Moving the hanger-stud affects the link's movement in a way that is equivalent to temporarily lengthening the eccentric-rod during a portion of the piston-stroke. The length of the tumbling-shaft arms, the length of hanger, the location of the rockers and tumbling-shaft, the radius of link, and length of rods, all exercise influence on the accurate adjustment of the valve-motion.

In equalizing the valve-motion, and overcoming the discrepancy of steam admission, due to the angularity of the connecting rod by moving the link-hanger stud away from the center of the slot, a new distortion is introduced. The link-block being securely fastened to the bottom of the rocker-pin, moves in the fixed arc traversed by that pin, which is nearly horizontal. The action of the eccentric-rods on the link, on the other hand, forces the latter to move with a sort of vertical motion at certain parts of the stroke, making it slip on the block. Moving the hanger-stud back tends to increase this slip, which will become excessive enough to seriously impair the efficiency of the motion if not kept within bounds by the designer. Where the slip is very great, the motion will not be serviceable, a consideration which can never be overlooked; for the block will wear rapidly, producing lost motion, a very undesirable defect about any part of a link-gear. With the long rods which prevail in locomotive practice, designers have no difficulty in keeping the slip within practical bounds; but with marine engines it is sometimes necessary to sacrifice equality of steam admission to the reduction of the slip. The greatest amount of slip is in full gear, and it diminishes as the link-block is moved towards the center.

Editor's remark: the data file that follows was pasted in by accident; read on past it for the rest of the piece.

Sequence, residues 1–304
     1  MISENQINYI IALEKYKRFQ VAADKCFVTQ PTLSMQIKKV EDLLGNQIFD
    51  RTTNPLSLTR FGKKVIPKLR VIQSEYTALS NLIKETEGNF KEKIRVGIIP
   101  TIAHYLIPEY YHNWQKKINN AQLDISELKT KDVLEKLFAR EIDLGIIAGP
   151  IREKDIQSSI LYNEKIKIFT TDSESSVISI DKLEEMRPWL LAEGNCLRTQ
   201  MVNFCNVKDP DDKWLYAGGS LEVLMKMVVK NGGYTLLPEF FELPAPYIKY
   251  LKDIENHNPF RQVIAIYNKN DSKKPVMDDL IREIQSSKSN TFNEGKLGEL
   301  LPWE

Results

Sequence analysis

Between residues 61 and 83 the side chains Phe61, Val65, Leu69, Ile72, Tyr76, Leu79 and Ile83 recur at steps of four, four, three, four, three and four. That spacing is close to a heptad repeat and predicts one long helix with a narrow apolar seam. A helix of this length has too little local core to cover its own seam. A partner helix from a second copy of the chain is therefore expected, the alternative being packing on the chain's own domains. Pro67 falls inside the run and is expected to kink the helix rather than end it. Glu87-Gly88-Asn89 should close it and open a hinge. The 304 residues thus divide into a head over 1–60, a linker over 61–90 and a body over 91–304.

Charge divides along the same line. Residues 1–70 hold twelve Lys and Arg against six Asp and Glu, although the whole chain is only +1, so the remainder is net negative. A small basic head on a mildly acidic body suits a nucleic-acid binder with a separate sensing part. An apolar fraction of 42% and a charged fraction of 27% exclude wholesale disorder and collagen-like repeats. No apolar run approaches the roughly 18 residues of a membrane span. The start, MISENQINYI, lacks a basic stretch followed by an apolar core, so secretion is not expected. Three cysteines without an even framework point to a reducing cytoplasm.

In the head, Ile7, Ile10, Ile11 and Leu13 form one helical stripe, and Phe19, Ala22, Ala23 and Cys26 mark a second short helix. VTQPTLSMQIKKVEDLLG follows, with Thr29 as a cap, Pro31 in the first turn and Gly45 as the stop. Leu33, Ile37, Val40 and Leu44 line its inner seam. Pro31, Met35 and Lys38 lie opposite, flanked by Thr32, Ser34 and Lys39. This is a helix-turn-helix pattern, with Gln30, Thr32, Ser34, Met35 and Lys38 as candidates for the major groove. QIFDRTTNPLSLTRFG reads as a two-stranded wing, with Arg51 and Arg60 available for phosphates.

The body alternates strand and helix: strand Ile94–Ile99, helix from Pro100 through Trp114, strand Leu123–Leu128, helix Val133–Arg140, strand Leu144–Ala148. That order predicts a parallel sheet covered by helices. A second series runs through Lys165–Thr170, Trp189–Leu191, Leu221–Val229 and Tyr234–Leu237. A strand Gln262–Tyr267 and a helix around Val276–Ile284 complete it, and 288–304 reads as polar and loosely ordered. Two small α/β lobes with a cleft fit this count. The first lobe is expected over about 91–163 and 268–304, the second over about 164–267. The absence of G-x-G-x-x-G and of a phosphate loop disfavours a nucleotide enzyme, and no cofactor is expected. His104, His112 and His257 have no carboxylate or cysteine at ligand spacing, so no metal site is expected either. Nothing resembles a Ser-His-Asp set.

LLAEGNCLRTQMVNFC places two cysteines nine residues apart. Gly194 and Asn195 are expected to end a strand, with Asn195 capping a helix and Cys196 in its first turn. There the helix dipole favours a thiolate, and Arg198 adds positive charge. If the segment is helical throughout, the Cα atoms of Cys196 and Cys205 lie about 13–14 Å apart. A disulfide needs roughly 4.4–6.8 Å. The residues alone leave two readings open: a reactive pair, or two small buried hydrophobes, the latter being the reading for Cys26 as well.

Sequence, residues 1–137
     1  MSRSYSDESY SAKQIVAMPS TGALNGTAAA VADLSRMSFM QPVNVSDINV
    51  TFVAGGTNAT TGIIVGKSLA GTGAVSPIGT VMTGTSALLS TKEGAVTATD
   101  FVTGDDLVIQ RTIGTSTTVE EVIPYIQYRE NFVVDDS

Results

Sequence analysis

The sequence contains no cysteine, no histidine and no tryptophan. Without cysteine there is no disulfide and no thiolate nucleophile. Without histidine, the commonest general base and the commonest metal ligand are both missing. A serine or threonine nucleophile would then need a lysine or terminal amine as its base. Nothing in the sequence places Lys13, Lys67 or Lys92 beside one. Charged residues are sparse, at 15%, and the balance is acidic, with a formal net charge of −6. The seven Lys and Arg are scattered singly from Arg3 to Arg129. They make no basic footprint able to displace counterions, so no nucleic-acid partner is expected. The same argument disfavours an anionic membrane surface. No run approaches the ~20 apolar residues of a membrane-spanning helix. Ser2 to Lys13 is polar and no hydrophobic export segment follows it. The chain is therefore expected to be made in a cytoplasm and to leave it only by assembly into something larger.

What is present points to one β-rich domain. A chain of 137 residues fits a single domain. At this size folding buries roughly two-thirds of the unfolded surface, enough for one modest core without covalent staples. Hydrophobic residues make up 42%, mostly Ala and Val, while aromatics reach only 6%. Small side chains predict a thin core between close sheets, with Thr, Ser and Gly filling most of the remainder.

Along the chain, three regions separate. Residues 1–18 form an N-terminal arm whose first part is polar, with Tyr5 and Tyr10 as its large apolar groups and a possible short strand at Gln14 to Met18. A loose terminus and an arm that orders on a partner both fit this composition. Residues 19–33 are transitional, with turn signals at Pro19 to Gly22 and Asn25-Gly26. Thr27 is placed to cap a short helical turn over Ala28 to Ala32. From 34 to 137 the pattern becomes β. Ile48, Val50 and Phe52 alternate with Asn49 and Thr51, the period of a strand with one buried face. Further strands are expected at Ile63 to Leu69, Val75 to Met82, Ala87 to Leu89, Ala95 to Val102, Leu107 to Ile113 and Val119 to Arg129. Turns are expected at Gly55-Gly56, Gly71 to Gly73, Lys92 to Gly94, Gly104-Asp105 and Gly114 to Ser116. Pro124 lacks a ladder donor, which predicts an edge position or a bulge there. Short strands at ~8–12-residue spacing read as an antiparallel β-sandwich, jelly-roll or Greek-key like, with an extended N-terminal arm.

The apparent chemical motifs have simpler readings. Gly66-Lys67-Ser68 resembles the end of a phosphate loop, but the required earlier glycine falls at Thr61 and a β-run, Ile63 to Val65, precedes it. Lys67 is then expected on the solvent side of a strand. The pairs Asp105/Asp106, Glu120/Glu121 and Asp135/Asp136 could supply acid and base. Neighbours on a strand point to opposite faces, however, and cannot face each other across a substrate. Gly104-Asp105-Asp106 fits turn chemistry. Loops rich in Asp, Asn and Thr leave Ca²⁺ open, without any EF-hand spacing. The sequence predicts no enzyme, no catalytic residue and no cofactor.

Placing the eccentric-rod pins back of the link-arc, as is almost universally done in this country, has a tendency to make the link slip on the block; and care has to be taken not to locate these pins farther back than is actually necessary for other requirements of the link-motion's adjustment. Auchincloss, who is a recognized authority for designing of link-motion, gives four varieties of alterations capable of reducing the slip when it is found too great for a practicable motion.

His resorts are, either to increase the angular advance, reduce the travel, increase the length of link, or shorten the eccentric-rods. One, or a combination, of these methods may be adopted, as the designer finds most convenient.

Among the constructing engineers who plan link-motion, there is considerable diversity of opinion about what radius of link helps to produce the best valve-motion. The distance between the center of axle and center of lower rocker-pin may be accepted as, approximately correct, although some designers slightly increase beyond these points. On the other hand, the locomotives sent out from a leading building establishment have the radius of link drawn w inch per foot short of the distance between the axle and rocker; and the claim has been made, that the arrangement produces an excellent motion.

A committee of the American Master Mechanics' Association have placed themselves on record on this subject by asserting that the distance between the centers of axle and rocker-pin is the proper radius for the link. That same committee recommended that the link-motion should be planned to give as long a link radius as possible, subject to the first-mentioned conditions.

It must be noted that the middle of the link-slot is the radius arc. I knew of a case where the links for an altered locomotive were finished out of the true radius through the edge of the slot being taken as the radius-curve.

Most of the men who are at all familiar with the valve-motion are aware of the fact, that, with the shifting link, the lead increases as the link is notched towards the center. Where the valve has z inch lead in full gear, it is no unusual thing to find it increase to a inch lead opening at mid gear. The phenomenon is better known than its cause is understood.